Reporting to Credit Bureaus Makes Better Business
This method can help strengthen the landlord and resident relationship, says columnist Lew Sichelman.
The vast majority of Mom and Pop landlords are the backbone of the rental market. Yet most don’t report their residents’ on-time rents to one or more of the three major credit bureaus? Chances are they don’t even spill the beans on folks when they miss a month or two.
Based on a quick canvas of Equifax, TransUnion and Experian, it’s safe to say most big-time apartment owners, property management companies and landlords don’t report the good or the bad about their occupants, either.
But according to a new analysis from TransUnion, every landlord, small and large, should report both on-time and late payers.
The analysis looked at the ability to predict a 90-day past due delinquency over a 12-month period on every type of credit obligation. And it found that when rent payments were included in a consumer’s credit file, there is a 10 percent or better improvement in the ability’s to predict delinquencies.
The study underscores the importance of rent payments as an “alternative credit data asset” that can provide greater insight into a consumer’s future credit performance, said Maitri Johnson, vice president of tenant and employment screening at TransUnion.
“Encouraging more landlords and property managers to conduct rent reporting is a key next step to making this data asset more accessible in the consumer credit market,” Johnson said. “It would also help millions of consumers build their credit history and bring them into the financial mainstream.”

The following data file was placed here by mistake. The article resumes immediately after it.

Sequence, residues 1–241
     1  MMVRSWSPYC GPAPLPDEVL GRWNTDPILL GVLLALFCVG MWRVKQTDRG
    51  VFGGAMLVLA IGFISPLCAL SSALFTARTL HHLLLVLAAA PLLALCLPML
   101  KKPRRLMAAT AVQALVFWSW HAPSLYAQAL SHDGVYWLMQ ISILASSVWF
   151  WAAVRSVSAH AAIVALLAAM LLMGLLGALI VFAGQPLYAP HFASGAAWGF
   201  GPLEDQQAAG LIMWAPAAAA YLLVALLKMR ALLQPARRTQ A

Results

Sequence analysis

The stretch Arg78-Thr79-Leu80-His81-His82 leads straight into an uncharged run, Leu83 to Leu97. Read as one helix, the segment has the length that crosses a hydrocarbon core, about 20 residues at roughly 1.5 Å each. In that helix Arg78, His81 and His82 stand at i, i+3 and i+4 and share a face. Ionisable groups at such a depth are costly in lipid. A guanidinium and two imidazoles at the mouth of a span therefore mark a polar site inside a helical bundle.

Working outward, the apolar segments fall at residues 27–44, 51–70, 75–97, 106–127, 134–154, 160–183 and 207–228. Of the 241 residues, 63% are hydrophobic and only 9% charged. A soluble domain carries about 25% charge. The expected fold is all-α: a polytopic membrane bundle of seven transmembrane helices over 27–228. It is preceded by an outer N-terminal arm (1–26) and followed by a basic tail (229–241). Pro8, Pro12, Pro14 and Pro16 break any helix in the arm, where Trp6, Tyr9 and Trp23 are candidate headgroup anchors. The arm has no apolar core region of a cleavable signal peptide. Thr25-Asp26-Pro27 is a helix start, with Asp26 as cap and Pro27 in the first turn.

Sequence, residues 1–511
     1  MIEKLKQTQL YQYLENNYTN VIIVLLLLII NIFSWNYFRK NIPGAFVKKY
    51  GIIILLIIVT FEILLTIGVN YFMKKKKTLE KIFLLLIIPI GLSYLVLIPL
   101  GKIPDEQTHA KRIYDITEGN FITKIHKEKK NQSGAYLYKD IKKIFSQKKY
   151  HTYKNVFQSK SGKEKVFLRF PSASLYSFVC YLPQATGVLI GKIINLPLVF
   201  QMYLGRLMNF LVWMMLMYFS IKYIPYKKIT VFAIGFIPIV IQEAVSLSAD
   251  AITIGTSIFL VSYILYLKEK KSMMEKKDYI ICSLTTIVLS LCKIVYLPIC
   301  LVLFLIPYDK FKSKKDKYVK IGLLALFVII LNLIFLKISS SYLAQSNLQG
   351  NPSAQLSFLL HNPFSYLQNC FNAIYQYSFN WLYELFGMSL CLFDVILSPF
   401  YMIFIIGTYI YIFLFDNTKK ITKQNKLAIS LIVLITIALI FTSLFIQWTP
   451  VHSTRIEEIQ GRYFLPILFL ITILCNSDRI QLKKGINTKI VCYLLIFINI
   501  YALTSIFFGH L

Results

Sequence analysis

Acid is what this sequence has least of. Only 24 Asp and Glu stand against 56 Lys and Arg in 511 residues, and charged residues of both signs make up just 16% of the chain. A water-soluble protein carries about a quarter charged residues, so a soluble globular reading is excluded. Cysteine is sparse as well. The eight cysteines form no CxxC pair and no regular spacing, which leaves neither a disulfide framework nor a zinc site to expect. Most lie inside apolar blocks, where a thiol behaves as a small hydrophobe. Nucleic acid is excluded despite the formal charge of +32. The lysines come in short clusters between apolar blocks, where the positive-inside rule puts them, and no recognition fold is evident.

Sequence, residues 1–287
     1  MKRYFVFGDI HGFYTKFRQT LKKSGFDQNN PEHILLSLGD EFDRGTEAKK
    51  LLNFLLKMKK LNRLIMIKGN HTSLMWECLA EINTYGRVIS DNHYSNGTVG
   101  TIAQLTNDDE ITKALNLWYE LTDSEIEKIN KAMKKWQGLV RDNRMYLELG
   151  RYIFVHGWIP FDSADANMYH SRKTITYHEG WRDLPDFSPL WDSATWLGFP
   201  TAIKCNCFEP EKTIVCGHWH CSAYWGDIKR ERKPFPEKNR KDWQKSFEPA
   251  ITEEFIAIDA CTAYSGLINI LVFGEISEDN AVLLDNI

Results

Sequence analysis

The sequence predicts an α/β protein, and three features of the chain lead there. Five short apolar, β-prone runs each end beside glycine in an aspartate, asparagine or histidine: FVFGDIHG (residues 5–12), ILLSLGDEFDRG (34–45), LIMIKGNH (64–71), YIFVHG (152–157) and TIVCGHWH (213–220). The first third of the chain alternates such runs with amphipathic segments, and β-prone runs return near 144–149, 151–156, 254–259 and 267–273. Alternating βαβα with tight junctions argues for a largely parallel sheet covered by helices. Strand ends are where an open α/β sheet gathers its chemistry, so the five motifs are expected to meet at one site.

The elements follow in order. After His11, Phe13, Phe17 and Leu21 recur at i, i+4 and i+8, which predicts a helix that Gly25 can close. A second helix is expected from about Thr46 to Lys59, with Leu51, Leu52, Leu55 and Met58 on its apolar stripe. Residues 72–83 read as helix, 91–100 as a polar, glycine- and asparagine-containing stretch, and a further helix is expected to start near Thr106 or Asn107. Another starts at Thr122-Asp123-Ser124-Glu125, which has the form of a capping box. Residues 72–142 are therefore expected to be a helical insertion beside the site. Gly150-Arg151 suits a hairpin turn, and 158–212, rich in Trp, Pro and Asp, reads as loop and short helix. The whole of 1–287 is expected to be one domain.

The obvious beneficiary of creating a “rental tradeline” would be residents looking to shift to home ownership. According to National Mortgage News, the findings lend momentum to Fannie Mae’s experiment using rental data in its underwriting process. And TransUnion itself has updated its own automated underwriting system, Resident Credit, to incorporate rent payment history in the mortgage credit evaluation process.
But reporting rent payments also benefits residents who might want to move but have no intention of buying a house, at least not in the near future. And it benefits landlords who will be able to use the collected data to make their own decisions about the likelihood of a future applicant’s desire to make on-time payments. In other words, the more rental information the multifamily business puts into the system, the better historic information everyone will have on which to base their rental decisions.
Unfortunately, the reporting of rental payments appears spotty at best. None of the three national credit repositories are willing to say how many owners and operators report on-time rental payments. They won’t even say who some of their clients might be. “We do not disclose information about our customers,” Johnson said.
But they all believe such reporting should be universal. “Ideally,” said Johnson, “all landlords should participate in a rent payment reporting program.”
The reason is pretty straight forward. “More data leads to better credit decisions,” said Chris Hobday, vice president of USIS programs at Equifax. It “encourages residents to continue paying on time and allows property managers to see delinquencies in real time as they screen applicants,” Johnson said. “The availability of date can strengthen the industry overall; it’s good for the ecosystem.”